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April 19th, 2008

Suicide Intervention

I'm taking the ASIST course, a sort of psychological first-aid suicide intervention certification which is not really useful for what I'm going to do with my degree, but will probably be useful in the long run.

Right now, I'm facing the uncomfortable self-analysis that, while I already do some of what the course teaches, my way of speaking is fucking lousy face-to-face (I've done some little counselling online) and I'm afraid of coming off as a callous sort of person. I'm not, obviously, but saying, "taking pills is a messy way to die" is decidedly not really the best way to go about it.

I really like this class though. It's making me remember a lot of things that helped transform me from a self-absorbed little twit into a much more compassionate person.

I don't think suicide is wrong, per se. I think if a person goes into it rationally, has very calmly decided that they would like to die and take matters of their own death into their own hands, they should be allowed to do so. People should be allowed to pick their death. My dad, for example, would like to be allowed to wander off into the woods when he's very old and near death (ala I Heard The Owl Call My Name).

But lots of people DON'T think things through rationally - suicide is more about "I HAVE BIG PROBLEMS AND I CAN'T FIND A SOLUTION" and as a result, I don't think these people actually WANT to die... they're just seeing all these insurmountable obstacles as a big hulking problem, and because they can't see a way to break it all down into more manageable bits, the pressure of it all crushes them. If you take the blinders off (as the teacher says), they start seeing that they don't actually want to die.

I'm not saying this as a person who wants to speak for suicidal people and I know there's no universal experience, so I say, if a person has really, truly thought through everything and isn't dying because of something that can be fixed that they would like to fix it (not wanting to fix some shit is not fine by me, but it's at least honest and I can respect that but obviously I have to think about that), then they should be allowed to die. It's their body, so it's a bit ridiculous passing judgement on them and taking control of them as if they can't do anything for themselves. (It's like passing a law banning abortion and blaming the doctors for it because apparently pregnant women are NEVER rational to think through things themselves.)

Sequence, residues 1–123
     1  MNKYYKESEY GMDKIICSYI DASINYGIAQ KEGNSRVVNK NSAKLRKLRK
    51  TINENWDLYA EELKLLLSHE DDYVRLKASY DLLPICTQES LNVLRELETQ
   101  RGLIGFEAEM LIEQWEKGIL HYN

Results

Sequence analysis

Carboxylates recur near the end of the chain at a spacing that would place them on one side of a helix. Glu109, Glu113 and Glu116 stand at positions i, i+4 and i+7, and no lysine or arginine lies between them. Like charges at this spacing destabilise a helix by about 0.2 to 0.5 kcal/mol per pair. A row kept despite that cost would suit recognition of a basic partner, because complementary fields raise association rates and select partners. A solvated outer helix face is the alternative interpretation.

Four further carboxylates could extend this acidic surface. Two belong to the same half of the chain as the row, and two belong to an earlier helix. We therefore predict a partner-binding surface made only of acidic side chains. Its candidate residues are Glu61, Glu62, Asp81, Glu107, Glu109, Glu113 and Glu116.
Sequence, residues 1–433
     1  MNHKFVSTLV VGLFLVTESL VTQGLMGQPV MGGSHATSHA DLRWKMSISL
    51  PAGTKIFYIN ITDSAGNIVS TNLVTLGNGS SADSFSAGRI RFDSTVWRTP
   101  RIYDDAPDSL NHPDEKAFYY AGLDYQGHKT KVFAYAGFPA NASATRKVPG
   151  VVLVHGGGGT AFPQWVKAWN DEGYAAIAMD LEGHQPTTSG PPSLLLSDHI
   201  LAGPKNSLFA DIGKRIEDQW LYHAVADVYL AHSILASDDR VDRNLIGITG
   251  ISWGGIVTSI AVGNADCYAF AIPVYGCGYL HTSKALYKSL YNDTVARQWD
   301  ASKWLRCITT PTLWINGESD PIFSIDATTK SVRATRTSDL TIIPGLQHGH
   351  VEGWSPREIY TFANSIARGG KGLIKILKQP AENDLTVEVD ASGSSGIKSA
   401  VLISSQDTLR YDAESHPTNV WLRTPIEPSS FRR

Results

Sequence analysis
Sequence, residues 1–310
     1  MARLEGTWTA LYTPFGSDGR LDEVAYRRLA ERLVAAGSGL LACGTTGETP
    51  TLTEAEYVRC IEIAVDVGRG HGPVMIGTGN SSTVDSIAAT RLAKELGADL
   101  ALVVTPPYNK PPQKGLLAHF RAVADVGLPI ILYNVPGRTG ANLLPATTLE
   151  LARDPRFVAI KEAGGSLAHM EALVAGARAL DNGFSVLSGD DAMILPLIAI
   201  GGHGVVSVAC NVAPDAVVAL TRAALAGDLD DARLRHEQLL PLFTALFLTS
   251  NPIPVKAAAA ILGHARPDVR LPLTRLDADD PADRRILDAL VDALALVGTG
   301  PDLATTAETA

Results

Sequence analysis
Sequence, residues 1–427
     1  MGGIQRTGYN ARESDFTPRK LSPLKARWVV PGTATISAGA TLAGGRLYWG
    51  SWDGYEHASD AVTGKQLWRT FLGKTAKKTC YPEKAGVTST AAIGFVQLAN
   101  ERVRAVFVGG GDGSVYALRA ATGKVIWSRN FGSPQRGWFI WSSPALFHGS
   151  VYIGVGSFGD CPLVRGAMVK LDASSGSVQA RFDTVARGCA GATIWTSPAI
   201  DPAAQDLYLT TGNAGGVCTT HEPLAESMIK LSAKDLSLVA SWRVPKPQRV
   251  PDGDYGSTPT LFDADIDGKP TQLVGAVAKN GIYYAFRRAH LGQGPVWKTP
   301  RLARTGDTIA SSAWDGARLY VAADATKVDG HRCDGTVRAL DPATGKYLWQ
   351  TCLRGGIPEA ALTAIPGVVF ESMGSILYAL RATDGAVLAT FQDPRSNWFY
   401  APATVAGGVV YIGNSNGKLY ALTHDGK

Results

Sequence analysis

I'm saying this as a person who's been suicidal, and through some logical runarounds and a bit of tough love from a lot of online friends who really helped me open up and be honest, and I think that's one of the reasons why suicide seems like such a good idea: if you're isolated, then there's really not much holding you back. If a community was close-knit and it was in everyone's interest to invest in everyone else's emotional health, then I doubt suicide would happen (hell, I doubt depression would happen). But we don't live in communities where each depend on each other anymore. If I were to die today, I'm not leaving behind a gap which stops an entire institution or system from working; the gap would be emotional and it wouldn't stop the world from running.

But really, it just helps to be able to have someone to talk to without being judgemental or being, even worse, dismissive. To know your concerns are important even to a stranger is really important.

Year: 2003

Sitting in TGIF while a friend confided to me some deeply personal history - dropped it in a sigle sentence while staring me straight in the face. I looked back, and gave a tiny nod, but kept my face straight.

She smiled suddenly and leant towards me, reaching for my arm. "Jaymee, I AM SO GLAD you didn't react!!"

I don't know if I've ever intervened and changed a person's mind about killing themselves before... not in the real, serious, emergency sort of way. I've talked to others about their suicidal tendencies online (my perspective is that I would rather have them ranting their ass off at me online than off in the washroom cutting themselves), helping people get perspective. I've been told before what a good help I've been, and I wonder, if that had happened face-to-face, would I have been as effective? Or would I have driven them the other way?

It sort of hurts to think about it.

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